Dr Claire Fuller, NHS medical director for primary care and the NHS’ lead GP in England said: ‘Local pharmacies are trusted parts of our communities and GPs and pharmacists work closely together.

‘Pharmacists have always provided continuity and long-term support to patients, families, and carers. So, this is a safe and common-sense way of making NHS services easier for patients to use.’


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Please note, only GPs are permitted to add comments to articles

C B 16 November, 2023 10:04 am

Did I read this correctly
-upfront payment of £2,000 per pharmacy.
-£1000 extra per month to see between one to 30 patients per month by October- thats £33 per consultation
-and they will receive a payment of £15 per consultation on top

So pharmacies get £47 pounds per consultation for minor ailments and we get £140 per year to see all the complex??

How on earth is this fair or equitable?

David Church 16 November, 2023 10:08 am

Does not need to be fair or equitable, it is just a vote-gaining gimmick.
Patients need to choose which service to use :
– if they want an antibiotic, go to the pharmacy;
– if they want a ten-minute lecture on why they should not have an antibiotic from a stressed and micromanaged doctor, go to the GP

Tim Atkinson 16 November, 2023 10:27 am

The dumbing down of medicine continues.

Hacked Off 16 November, 2023 10:52 am

Unfortunately the Pharmacists will probably not have to deal with the aftermath of an atypical presentation of unsuspected serious pathology. The complaint and medicolegal sequelae will no doubt still fall on the patient’s GP.

William John Lockley 16 November, 2023 11:56 am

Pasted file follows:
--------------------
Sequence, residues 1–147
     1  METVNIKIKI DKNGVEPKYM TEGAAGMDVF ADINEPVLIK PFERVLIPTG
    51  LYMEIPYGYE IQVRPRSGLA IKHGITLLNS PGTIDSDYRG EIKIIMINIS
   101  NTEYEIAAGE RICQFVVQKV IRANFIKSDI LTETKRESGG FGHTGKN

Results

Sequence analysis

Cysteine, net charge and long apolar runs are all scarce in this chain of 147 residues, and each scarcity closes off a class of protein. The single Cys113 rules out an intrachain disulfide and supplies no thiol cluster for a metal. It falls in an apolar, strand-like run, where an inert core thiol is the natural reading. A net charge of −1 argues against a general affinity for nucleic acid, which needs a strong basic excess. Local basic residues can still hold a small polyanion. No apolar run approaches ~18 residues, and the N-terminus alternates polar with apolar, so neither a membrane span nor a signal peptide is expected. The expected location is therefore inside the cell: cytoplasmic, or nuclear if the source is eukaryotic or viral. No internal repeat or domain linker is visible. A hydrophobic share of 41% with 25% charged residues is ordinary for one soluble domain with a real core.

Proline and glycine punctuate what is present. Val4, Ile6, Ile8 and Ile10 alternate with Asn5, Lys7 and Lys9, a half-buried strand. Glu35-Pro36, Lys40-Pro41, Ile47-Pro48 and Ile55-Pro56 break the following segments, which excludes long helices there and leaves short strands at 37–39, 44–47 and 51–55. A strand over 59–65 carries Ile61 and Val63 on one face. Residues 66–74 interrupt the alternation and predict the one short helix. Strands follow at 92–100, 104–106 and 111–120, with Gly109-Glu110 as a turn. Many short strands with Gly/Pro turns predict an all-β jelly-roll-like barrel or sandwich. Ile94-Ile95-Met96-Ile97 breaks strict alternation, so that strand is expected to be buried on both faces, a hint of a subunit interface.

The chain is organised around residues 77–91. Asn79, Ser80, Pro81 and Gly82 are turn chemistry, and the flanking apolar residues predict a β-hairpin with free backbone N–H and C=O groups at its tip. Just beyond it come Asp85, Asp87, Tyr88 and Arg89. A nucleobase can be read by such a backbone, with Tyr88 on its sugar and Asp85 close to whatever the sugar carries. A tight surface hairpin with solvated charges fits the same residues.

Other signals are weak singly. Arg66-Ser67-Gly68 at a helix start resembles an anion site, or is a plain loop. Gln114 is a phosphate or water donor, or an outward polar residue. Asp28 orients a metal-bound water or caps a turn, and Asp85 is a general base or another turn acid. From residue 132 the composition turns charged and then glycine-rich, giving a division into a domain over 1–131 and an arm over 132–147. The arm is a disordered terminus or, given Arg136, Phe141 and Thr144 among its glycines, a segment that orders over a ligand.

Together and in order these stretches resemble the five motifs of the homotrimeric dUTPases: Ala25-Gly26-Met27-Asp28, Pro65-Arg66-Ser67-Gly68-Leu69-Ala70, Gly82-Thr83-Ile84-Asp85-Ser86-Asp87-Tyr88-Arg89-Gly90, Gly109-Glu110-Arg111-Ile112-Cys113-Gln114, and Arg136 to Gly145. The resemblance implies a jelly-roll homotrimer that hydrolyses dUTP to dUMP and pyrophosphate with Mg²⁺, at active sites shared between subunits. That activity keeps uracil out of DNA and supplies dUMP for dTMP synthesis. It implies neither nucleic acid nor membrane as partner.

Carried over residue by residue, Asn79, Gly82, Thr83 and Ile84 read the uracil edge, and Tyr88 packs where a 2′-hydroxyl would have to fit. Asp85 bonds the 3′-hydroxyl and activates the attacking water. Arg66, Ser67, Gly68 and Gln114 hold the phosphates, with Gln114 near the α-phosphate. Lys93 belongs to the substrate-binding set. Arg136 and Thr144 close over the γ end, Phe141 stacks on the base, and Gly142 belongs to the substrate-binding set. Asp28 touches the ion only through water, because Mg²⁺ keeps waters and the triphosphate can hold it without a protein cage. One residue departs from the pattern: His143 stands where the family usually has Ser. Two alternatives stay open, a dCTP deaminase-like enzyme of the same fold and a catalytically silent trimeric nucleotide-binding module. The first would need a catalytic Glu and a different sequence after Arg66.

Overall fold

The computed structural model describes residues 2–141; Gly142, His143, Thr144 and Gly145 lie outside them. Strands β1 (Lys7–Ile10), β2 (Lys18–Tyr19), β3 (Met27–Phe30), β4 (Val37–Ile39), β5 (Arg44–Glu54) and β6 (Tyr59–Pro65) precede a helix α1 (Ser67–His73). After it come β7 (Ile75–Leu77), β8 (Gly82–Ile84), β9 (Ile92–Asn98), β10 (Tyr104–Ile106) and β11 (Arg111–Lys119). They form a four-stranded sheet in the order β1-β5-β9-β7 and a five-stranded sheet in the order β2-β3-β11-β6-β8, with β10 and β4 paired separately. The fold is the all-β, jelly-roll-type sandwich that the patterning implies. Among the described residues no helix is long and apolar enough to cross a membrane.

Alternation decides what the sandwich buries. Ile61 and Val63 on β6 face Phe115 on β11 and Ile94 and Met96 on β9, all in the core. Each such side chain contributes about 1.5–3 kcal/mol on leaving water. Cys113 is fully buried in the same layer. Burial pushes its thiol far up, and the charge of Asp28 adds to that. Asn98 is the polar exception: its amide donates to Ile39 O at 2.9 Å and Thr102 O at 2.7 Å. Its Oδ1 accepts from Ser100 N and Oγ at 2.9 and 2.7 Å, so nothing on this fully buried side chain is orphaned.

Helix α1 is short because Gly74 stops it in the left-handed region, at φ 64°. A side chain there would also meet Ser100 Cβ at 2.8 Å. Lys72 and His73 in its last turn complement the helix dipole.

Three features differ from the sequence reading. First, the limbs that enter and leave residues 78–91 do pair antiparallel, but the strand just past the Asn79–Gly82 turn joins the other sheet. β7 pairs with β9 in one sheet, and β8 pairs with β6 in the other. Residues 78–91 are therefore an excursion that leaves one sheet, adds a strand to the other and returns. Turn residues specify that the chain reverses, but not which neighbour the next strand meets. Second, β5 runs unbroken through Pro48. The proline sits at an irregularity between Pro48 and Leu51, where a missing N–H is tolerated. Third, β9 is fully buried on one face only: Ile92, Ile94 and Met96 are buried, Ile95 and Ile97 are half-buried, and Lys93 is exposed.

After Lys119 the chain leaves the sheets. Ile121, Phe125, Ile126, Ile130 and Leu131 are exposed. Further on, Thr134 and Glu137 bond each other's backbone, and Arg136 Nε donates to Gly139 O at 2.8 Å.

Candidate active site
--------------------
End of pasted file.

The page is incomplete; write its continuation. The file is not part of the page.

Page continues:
The first question I always ask whenever presented with a new plan to magically reduce or control demand is: ‘Who carries the can when things go wrong?’ — by commission, omission or simply sheer lack of knowledge/experience.

‘And who is expected to pick up the pieces, and how quickly?’ And will they get appropriately remunerated for it? And by whom?

So in this case, who will do these things?

Victoria Cleak 16 November, 2023 12:54 pm

This is utter madness.
At my pharmacy they have a massive queue and no space to see anyone as well as problems accessing drugs.
For patients to be shunted from GP to pharmacies and for them seemingly to be paid more for it can only imply one of two things. Either there is a total lack of ability to add up and understand the basics of GP work or they are working to get rid of GPs. In the long run, these payments will dwindle.

Turn out The Lights 16 November, 2023 1:46 pm

Has a Cluster f+++ written all over it.I give it less than 12 months they cant even substitute drug when supplies a dissapeared.Never mind make a diagnosis and treat.(and take responsibilty).They seem to be the most frequent to say go and se your GP.

Mark Howson 16 November, 2023 2:26 pm

I suspect their default will be to treat even when the condition just needs time. If in any doubt they will refer to the GP with a patient expecting urgent contact. I wonder if they will treat sinusitis with Abx instead of making a proper diagnosis and if really rhinosinusitis then steroid sprays and douches- so many patients have been incorrectly taught they have sinusitis and need Abx for it. The pharmacy first we had around 2015 lasted a year.

Beyond Bewildered 16 November, 2023 7:12 pm

Treatment of sore throat , sinusitis and earache is OTC meds . Infected insect bites are usually hypersensitivity reactions which require OTC meds . UTI in healthy young women is OTC meds . So that leaves shingles which should be significantly reducing in frequency due to vaccination and impetigo. Wow , Exciting new initiative, how long did that take to think up .

Mass populous education and empowerment to take responsibility for self care would be far cheaper and way more effective .

Nothing to do with Rishi s background and overwhelming desire to please then .

SUBHASH BHATT 16 November, 2023 7:55 pm

Sore throat and earache is not a diagnosis. Mother says he is pulling his ears does not turn out to be ear problem. Shingles can be tricky at times. Recurrent uti seen by different pharmacies could ignore more serious conditions.
Don’t make head lines in future with missed serious condition.